While I'm still at Royal Reviews for EMILY BRYAN WEEK (please pop over and leave a comment for a chance to win!), I am thrilled to introduce you to my friend, Colleen Thompson right here. She writes fantastic romantic suspense. Her newest release BENEATH BONE LAKE is on the shelves right now! Today she's sharing her thoughts on under-aged characters in fiction. Here's Colleen!
As a reader and a writer, I’ve found children in books to be a pretty dicey proposition. Nothing nauseates me like an overly-precious or disgustingly-precocious kiddo sapping up the pages. Seriously. And throw in a lisp or baby-talk, and You Have Now Entered the Wall-Banger Zone.
As both a mom and a former teacher, I appreciate children as they really are, complete with the tendency to pinball from annoying (PING!) to adorable (PING-PING) to hysterical (both the HA-HA and the WAHHH kind!) in an instant. As a result, I work hard to depict them that way, as I did with the heroine’s four-year-old daughter, Zoe, in Beneath Bone Lake.
But I write pretty intense romantic suspense, and the premise of this story, which involves a young widow returning from Iraq only to find her family missing, her house in flames, and her life turned upside down by a caller who claims to be a kidnapper, led me into even more dangerous territory: the child in jeopardy story.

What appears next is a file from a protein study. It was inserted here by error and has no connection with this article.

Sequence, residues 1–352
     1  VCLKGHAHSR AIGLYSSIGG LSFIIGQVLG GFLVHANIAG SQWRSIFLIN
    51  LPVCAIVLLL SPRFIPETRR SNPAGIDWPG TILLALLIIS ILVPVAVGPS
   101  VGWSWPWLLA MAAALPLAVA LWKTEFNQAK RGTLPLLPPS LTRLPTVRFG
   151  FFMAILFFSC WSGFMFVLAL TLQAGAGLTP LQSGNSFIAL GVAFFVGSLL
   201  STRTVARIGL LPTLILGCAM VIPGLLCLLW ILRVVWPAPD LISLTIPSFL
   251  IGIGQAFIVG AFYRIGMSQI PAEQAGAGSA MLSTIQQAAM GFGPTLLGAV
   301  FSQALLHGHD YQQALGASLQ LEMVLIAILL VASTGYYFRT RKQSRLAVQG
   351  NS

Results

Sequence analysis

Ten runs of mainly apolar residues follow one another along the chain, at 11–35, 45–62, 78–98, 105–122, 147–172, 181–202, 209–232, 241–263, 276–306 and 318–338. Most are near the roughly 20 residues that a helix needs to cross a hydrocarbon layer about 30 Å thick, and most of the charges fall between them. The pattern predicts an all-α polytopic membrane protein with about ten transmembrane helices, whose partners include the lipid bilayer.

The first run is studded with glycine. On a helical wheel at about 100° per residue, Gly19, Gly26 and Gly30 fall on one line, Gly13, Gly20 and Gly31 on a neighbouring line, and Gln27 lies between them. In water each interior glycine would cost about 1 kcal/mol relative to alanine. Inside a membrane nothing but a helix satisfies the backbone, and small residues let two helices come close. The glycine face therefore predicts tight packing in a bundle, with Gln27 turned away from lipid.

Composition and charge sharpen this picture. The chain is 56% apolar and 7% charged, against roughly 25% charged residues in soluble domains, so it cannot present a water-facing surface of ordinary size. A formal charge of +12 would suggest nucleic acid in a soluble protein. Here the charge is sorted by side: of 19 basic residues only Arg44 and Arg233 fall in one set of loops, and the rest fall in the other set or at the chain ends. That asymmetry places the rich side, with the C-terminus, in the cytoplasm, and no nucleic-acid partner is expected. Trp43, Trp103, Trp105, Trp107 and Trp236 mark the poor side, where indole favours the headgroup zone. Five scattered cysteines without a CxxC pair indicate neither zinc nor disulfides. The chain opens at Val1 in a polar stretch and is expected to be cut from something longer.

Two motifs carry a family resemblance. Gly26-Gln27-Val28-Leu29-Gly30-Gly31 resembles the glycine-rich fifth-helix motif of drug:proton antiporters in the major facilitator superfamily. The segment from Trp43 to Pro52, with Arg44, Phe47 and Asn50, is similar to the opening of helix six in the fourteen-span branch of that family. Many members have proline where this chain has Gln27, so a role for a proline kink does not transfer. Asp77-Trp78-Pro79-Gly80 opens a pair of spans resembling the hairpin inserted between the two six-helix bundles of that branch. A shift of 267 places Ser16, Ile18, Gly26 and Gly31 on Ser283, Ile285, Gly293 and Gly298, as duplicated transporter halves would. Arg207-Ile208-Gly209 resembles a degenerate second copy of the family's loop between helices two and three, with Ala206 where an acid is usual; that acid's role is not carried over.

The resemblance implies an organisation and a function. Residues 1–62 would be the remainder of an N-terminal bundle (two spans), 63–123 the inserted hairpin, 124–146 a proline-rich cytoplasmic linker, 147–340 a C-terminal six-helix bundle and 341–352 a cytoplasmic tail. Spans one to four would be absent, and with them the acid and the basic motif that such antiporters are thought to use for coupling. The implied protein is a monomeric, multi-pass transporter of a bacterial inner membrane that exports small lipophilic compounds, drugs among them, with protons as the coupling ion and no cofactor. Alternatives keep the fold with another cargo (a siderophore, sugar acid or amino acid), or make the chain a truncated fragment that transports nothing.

Now as a reader who’s also a mom, nothing gets my heart pounding faster than the thought of a child in danger. If there’s even a whiff of such a thing within the opening pages, I’m instantly riveted, as I have been in great child-in-jeopardy stories such as Jacquelyn Mitchard’s Deep End of the Ocean and Linda Howard’s heartrending Cry No More. In both cases, I could barely sleep until I knew if the child would be safe with the viewpoint character.
In other cases, such as John Grisham’s excellent first novel, A Time to Kill, which opens with a graphic depiction of a horrific act of violence against a little girl, I was literally sickened. (It was a real act of faith in the author that I finished that book, the beginning upset me so much. And quite a few readers couldn’t stomach it.) And I’ve certainly avoided other books and movies where violence against a child is both intense and on-screen, shown happening in real time.
For my taste, the most compelling suspense comes in the parent’s imagination, when his/her child is out of sight and reach. The awful period of not knowing raises our anxiety, whether it’s over one’s toddler who’s wandered away in the grocery store or the sixteen year-old new driver who fails to show up at curfew. (As the mother of a teenager, I can think of no sound more harrowing than that of sirens from the road when my kiddo’s out late at night.)
For this reason, I see no reason to ever depict actual violence against a child, not when the fear of it is so much more powerful.
So what about the rest of you? Do you enjoy reading books containing children in some or all cases? What particularly bother you about some books featuring kids? Which authors/novels have done an especially good job? I’ll be drawing for a free autographed copy of my RITA-nominated Triple Exposure from among those commenting on this blog.
Thanks so much for sharing your thoughts, Colleen! And dear readers, you need to leave a comment in order to be entered in today's drawing for a copy of TRIPLE EXPOSURE, Colleen's wonderful Texas-set suspense!